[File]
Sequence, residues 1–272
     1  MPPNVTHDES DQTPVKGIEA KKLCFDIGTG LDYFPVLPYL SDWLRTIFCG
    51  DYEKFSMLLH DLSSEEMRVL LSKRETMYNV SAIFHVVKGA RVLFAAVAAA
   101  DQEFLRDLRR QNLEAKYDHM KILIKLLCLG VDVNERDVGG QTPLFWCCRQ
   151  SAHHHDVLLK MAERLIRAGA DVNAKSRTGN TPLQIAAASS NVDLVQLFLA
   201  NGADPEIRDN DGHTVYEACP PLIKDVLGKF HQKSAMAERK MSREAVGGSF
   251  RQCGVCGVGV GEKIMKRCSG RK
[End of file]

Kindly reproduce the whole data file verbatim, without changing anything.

Sequence, residues 1–272
     1  MPPNVTHDES DQTPVKGIEA KKLCFDIGTG LDYFPVLPYL SDWLRTIFCG
    51  DYEKFSMLLH DLSSEEMRVL LSKRETMYNV SAIFHVVKGA RVLFAAVAAA
   101  DQEFLRDLRR QNLEAKYDHM KILIKLLCLG VDVNERDVGG QTPLFWCCRQ
   151  SAHHHDVLLK MAERLIRAGA DVNAKSRTGN TPLQIAAASS NVDLVQLFLA
   201  NGADPEIRDN DGHTVYEACP PLIKDVLGKF HQKSAMAERK MSREAVGGSF
   251  RQCGVCGVGV GEKIMKRCSG RK